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Great Barrier Reef Refugium

Harness the technology of the living room aquarium for reef protection
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The Great Barrier Reef off the northeast coast of Australia is a true natural wonder. The structure is composed of 1400 miles of small islands and associated shallows formed of an old uplift mountain range.

The reef, as popularly understood, is an assortment of pleasant coral species wafting in the current tended by colorful friendly fish in a harmonious exhibit of the natural world that has existed forever. More accurately the reef is about as old as the pyramids and formed as the sea level dramatically rose at the end of the last ice ace. Corals desperately grew upwards on the skeletons of their dead ancestors to maintain the correct depth until the sea stabilized at its current level. The reef, however, is not safe.

As part of an ongoing commitment to hysteria, news outlets publish articles on the downfall of the reef. Evidence includes coral bleaching events, where stretches of coral turn white. Not some chemical event as suggested by the name, but rather the animal ejecting the photosynthetic symbiote they typically host. This is a valid marker of stress that can be temporary or permanent.

Obviously, man-made climate change causes coral anguish and the Australian ecosystem must suffer, to the eternal shame of global humanity. So what's to be done?

Well, since I'm thinking about setting up my own mini coral reef, as an exercise, I had a quick look at the data from the Australian Institute of Marine sciences <link>. Some admittedly quick stats revealed a very poor correlation between years of observed bleaching (1998,2002,2006,2016 & 2017) and either peak temp or moving average* temp.

So, I ask my friend who runs a very large public aquarium in the middle east and looked after a few 100km of the Thai reefs after the tsunami "don't worry about a degree here or there mate, messed up nitrogen and phosphorous are where it all goes wrong, refugium with chaeto is your friend there".

Further research suggests that indeed, lots of nitrate/phosphate run-off from agriculture is a major concern. Sadly, that's downplayed because solving it upsets farmers and costs money. So, let's use the aquarium solution: Chaetomorphia.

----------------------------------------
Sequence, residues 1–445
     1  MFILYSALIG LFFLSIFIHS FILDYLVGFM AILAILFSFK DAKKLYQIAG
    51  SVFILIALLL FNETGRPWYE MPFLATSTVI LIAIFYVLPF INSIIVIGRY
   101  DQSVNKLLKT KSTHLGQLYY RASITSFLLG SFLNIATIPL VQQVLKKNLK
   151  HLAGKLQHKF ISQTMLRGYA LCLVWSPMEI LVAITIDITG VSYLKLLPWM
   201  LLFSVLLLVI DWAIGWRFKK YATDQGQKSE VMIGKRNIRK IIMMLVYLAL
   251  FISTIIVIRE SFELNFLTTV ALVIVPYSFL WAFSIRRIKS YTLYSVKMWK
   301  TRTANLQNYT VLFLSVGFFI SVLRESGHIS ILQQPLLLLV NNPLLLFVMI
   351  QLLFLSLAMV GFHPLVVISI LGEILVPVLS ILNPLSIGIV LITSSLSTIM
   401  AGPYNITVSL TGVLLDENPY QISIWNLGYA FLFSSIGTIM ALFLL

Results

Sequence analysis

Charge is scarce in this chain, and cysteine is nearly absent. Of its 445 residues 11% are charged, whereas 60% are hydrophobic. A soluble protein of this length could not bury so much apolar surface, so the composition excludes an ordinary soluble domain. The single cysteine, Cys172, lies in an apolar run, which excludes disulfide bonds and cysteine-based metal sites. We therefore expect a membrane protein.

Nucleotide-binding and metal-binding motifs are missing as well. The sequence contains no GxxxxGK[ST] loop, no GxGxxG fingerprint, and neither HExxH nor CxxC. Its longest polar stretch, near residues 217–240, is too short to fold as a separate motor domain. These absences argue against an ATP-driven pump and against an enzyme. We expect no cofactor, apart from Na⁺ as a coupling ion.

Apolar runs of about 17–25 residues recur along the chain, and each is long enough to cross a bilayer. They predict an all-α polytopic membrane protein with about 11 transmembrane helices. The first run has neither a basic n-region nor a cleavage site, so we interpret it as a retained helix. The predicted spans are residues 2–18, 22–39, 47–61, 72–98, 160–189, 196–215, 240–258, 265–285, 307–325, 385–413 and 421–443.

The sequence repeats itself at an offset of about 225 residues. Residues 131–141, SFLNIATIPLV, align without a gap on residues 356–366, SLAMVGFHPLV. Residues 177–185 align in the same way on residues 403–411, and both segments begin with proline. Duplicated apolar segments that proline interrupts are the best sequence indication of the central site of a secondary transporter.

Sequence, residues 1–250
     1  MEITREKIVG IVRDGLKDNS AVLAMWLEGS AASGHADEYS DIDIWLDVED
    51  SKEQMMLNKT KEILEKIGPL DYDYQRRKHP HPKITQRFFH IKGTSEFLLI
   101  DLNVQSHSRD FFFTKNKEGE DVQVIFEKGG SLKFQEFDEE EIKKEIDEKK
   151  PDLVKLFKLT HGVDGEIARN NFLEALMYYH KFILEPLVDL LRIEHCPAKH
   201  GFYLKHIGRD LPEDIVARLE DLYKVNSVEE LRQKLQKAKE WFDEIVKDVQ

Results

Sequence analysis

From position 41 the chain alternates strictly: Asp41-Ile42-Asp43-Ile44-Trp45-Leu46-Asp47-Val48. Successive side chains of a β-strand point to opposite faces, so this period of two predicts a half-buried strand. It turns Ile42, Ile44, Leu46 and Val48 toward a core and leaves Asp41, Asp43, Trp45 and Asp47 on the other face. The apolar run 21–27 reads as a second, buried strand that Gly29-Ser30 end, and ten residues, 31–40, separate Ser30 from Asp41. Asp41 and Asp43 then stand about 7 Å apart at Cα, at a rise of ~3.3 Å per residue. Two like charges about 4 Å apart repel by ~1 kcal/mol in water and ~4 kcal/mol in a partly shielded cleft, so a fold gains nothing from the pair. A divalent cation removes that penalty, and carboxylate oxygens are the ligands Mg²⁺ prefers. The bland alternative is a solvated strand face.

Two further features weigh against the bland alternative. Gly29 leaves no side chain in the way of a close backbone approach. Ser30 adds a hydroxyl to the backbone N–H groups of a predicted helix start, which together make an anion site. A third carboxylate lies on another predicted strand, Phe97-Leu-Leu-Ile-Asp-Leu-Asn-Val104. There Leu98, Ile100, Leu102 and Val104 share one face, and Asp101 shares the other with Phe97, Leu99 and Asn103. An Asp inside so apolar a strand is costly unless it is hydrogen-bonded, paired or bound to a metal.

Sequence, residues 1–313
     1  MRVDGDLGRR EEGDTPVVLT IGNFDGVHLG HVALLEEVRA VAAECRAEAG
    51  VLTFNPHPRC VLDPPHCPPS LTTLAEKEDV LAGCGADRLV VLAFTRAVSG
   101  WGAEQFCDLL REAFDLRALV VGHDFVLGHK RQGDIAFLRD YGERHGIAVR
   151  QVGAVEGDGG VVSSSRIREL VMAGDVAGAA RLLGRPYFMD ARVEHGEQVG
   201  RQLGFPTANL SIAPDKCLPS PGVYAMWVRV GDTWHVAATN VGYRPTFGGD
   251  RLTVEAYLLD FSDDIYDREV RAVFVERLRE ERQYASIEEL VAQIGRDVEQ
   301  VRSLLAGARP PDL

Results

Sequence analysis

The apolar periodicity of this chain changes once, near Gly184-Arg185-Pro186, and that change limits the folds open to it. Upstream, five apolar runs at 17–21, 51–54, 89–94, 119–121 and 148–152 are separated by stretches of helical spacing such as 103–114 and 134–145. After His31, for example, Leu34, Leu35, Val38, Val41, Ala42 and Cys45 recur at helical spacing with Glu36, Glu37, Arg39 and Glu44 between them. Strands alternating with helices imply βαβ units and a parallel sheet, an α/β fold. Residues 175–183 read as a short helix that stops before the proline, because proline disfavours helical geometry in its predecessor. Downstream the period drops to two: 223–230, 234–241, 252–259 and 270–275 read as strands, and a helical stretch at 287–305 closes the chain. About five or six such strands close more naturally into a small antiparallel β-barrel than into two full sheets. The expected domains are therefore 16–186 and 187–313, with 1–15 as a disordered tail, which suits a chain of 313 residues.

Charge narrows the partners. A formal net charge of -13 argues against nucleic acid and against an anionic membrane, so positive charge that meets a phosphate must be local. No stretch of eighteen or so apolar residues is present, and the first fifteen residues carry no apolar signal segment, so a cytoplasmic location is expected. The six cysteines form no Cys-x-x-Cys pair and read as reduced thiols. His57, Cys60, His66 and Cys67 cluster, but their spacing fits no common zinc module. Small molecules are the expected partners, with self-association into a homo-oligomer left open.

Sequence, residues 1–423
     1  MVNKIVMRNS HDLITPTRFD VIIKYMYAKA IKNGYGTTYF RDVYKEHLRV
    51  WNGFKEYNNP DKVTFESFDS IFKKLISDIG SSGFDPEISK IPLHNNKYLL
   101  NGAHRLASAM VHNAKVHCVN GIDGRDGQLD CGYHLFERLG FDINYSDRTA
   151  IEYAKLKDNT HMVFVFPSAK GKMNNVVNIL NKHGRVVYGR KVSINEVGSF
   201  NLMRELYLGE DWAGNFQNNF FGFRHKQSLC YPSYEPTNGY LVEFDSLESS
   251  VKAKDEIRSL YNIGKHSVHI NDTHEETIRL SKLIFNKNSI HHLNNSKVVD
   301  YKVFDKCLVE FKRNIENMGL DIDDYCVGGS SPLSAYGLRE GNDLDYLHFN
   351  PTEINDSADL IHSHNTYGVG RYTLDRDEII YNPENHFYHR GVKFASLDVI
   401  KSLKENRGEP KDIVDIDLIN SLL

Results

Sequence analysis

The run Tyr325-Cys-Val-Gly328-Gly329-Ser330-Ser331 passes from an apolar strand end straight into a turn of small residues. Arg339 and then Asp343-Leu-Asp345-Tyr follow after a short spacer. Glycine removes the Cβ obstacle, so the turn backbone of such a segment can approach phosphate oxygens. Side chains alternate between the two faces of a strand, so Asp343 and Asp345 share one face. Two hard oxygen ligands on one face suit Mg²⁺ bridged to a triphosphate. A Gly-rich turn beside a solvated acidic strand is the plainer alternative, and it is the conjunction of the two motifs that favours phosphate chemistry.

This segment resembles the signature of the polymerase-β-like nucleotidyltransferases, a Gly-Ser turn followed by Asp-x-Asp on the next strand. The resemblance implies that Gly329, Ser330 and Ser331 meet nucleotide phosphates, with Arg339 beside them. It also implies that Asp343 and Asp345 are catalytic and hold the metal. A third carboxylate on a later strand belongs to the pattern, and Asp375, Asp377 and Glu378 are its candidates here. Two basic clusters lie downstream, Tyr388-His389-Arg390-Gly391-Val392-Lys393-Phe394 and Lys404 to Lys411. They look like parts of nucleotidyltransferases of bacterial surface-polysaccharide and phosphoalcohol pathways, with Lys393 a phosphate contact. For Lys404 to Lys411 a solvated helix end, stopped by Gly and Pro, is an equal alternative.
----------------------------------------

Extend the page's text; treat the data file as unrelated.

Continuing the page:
This green weed-like macroalgae grows in practically any conditions where light and seawater coexist. Its growth is limited by nitrate and phosphate concentrations so where they are abundant it grows rapidly, sucking up the nutrients. So, construct a series of floating corrals anchored between australia and the reef, concentrating on river/stream outlets. Pop in some chaeto, wait, come back and harvest tonnes of the stuff, wash, sell to farmers as fertilizer.

*moving average is used a lot in this kind of data, but it's oscillatory (Day-night superimposed on summer-winter) so something like a Savitzky-Golay would be better, but who am I.

bs0u0155, Feb 12 2020

AIMS Sea Temps http://data.aims.go...aLevel=1&wind=false
[bs0u0155, Feb 12 2020]

Chaetomorphia https://www.algaeba...-alga-chaetomorpha/
[bs0u0155, Feb 12 2020]

[link]






       Aquaria ...   

       <Struggles to suppress anti-aquarist rant/>   

       No.   

       Have you seen that TV show about a particularly violent and sadistic murder called "Aquaria and the people that love them too much" ...?
8th of 7, Feb 12 2020
  

       //a series of floating corrals//   

       Meanwhile, elsewhere, "Gunfight at the OK Coral".   

       Surplus "r"s from the American Mid-West (and also the South- West of England, home of talking like a pirate) are washed downstream during heavy rains, and accrue to reefs in distant oceans, where they transform the formerly OK natural corals into facilities for rounding up livestock.
pertinax, Feb 13 2020
  

       I like the idea of calmly selling pollutants back to polluters. [+]
pertinax, Feb 13 2020
  

       // Meanwhile, elsewhere, "Gunfight at the OK Coral". //   

       ... and the famous 1940's musical drama "The Battle of the Choral Sea" ...
8th of 7, Feb 13 2020
  

       //chaeto//   

       Marketing would like to know, is that homophonous with "keto"? If so, that might make it easier to sell - "Chaetosis solves everything, once again!"
pertinax, Feb 17 2020
  

       I've heard it said "kay-to" & "chay-to". Ultimately it's almost entirely carbohydrates, so I can't see the marketing people getting much milage out of that. Maybe they could try "a naturally low fat food"
bs0u0155, Feb 17 2020
  

       // "Chaetosis solves everything, once again!" //   

       <Clouseau>   

       "Neeu neeu, Chato, not now !"   

       <THUMP, CRASH/>   

       <Clouseau/>
8th of 7, Feb 17 2020
  
      
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